Tiniest ‘starquake’ ever detected | ScienceDaily | Science & Technology

An orange dwarf star has yielded the tiniest ‘starquakes’ ever recorded, measured by an international team of scientists.

Named Epsilon Indi, the star is the smallest and coolest dwarf star yet observed with solar-like oscillations — “starquakes” like those shown by the Sun. These oscillations provide indirect glimpses of stellar interiors — just as earthquakes tell us about Earth’s interior — and so are important sources of information about the makeup of the star.

The measurements were taken by an international team, led by the Institute of Astrophysics and Space Sciences in Portugal, and including researchers from the University of Birmingham. The study is published in Astronomy and Astrophysics Letters.

The quakes were detected using a technique dubbed asteroseismology, which measures oscillations in stars. Using the ESPRESSO spectrograph, mounted at the European Southern Observatory’s (ESO) Very Large Telescope (VLT), the team was able to record the oscillations with unprecedented precision.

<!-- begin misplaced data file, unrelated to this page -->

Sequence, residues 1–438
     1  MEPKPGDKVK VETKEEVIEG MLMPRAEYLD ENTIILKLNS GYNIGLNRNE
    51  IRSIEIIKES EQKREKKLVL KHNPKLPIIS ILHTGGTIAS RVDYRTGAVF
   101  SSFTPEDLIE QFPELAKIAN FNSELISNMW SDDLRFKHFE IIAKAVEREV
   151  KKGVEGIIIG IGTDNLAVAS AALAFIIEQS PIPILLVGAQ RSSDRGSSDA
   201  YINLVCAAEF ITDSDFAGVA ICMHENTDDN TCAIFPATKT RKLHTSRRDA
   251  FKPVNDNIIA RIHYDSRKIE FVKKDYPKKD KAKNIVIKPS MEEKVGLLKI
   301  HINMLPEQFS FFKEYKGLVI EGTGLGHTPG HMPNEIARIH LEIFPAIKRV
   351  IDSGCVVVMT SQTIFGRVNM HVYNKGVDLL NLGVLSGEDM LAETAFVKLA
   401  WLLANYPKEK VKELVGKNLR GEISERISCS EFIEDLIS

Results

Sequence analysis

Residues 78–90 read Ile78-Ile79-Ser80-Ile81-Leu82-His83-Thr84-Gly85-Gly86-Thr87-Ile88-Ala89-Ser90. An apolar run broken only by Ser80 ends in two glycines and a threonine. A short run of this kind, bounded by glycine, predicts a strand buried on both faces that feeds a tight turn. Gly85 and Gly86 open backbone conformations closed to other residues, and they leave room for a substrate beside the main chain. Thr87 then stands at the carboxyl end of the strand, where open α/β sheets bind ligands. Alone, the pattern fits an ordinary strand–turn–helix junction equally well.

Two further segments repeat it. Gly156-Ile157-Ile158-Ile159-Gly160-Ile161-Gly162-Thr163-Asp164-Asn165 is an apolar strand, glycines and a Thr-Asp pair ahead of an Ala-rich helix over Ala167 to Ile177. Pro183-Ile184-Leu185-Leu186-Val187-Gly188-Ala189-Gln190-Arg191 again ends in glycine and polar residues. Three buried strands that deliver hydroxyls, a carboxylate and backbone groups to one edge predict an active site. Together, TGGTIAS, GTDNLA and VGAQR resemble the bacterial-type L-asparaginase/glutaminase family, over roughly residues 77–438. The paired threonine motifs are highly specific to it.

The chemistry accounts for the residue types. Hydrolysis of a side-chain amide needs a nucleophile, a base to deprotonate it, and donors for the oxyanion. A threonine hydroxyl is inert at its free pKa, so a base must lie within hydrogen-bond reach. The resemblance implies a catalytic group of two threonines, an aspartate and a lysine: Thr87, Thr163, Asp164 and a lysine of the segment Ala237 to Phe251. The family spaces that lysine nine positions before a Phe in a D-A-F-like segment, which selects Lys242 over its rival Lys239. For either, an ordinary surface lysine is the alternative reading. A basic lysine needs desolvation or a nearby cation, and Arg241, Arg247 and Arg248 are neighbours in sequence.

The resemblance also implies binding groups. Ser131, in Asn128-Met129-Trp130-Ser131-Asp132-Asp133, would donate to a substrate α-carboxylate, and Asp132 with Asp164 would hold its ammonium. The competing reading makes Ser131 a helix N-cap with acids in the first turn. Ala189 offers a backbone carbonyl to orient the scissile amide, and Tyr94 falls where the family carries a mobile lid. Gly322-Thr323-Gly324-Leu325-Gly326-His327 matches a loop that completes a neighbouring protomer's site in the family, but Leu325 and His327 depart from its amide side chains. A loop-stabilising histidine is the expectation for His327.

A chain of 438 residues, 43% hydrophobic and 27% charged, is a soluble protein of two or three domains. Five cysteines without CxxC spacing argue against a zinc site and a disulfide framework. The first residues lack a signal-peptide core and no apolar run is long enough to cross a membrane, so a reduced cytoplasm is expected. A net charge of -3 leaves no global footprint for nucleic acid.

Lead author Tiago Campante, of the Institute of Astrophysics and Space Sciences at the University of Porto, said: “The extreme precision level of these observations is an outstanding technological achievement. Importantly, this detection conclusively shows that precise asteroseismology is possible down to cool dwarfs with surface temperatures as low as 4200 degrees Celsius, about 1000 degrees cooler than the Sun’s surface, effectively opening up a new domain in observational astrophysics.”

Orange dwarf stars have recently become a focus in the search for habitable planets and extraterrestrial life. Professor Bill Chaplin, Head of the School of Physics & Astronomy at Birmingham, and a member of the team, said: “The mismatch between the predicted and observed sizes of these stars has implications for finding planets around them. If we use the most successful planet-finding technique — the so-called transit method — we get the size of the planet relative to the size…

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